Australia to drop Kyoto credits plan

Scott Morrison will reportedly inform world leaders of Australia's renewed Kyoto plan next week.
Scott Morrison will reportedly inform world leaders of Australia's renewed Kyoto plan next week.

Environmentalists are calling for a reset of the federal government's climate policy in response to a report it will no longer use Kyoto carryover credits to meet emissions reductions targets.

Prime Minister Scott Morrison plans to tell world leaders next week Australia will not use the controversial accounting method to satisfy its 2030 target under the Paris Agreement, Nine newspapers say.

Greenpeace reponded to the news on Saturday by calling for a fresh climate policy.

Spokeswoman Nelli Stevenson said the government had been stalling on climate action and "dodgy accounting" had led to Australia being shamed on the world stage.

The government had been criticised for the carryover plan, which involved using "surplus" units from the past 12 years and putting them towards the next decade of Paris targets.

"Australia needs a strong, federal climate policy, not a federal government kicking back on the heavy lifting being done by states, territories and businesses who are getting on with the job of moving to safe and reliable 100 per cent renewable energy," Ms Stevenson said in a statement.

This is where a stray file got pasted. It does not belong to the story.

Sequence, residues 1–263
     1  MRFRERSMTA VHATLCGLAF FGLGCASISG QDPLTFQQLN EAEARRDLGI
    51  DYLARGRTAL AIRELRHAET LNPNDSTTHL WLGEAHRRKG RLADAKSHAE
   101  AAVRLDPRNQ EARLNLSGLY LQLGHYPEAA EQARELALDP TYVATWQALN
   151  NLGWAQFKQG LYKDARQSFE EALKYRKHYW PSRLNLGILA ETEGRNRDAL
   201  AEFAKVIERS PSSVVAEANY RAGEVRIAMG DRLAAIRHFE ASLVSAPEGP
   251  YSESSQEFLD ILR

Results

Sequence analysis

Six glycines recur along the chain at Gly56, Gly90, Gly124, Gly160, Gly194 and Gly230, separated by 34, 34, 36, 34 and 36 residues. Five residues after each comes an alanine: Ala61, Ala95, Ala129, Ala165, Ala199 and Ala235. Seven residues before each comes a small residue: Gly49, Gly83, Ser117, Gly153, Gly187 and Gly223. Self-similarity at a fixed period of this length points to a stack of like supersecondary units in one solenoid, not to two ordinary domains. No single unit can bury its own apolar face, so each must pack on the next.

It was critical that Australia develop a meaningful policy to protect against worsening bushfires, heatwaves and droughts, she said.

"It's time to walk the talk and ramp up ambition beyond Australia's weak Paris targets."

Opposition leader Anthony Albanese called the development "rather pathetic" and said the government did not have a good enough short term or long term plan to tackle climate change.

Mr Albanese suggested the decision to refrain from using the carryover credits should not be viewed as "a positive".

"It is a fact that the rest of the world rejected that as an accounting trick. That's not a plus for the government," Mr Albanese said in Brisbane on Saturday morning.

"What we need is a plan to reduce emissions, not a plan for accounting tricks."

Attorney-General Christian Porter said it had always been the government's position that "essentially we are trying everything we can and using every technology available to meet our Paris targets without having to rely on the fact that we overperform with respect to our Kyoto targets".

He said the Paris targets were a "floor, not a ceiling" and the government's ambition was to do as well as possible.

The change is set to be announced at a summit convened by British Prime Minister Boris Johnson on December 12.

Australian Associated Press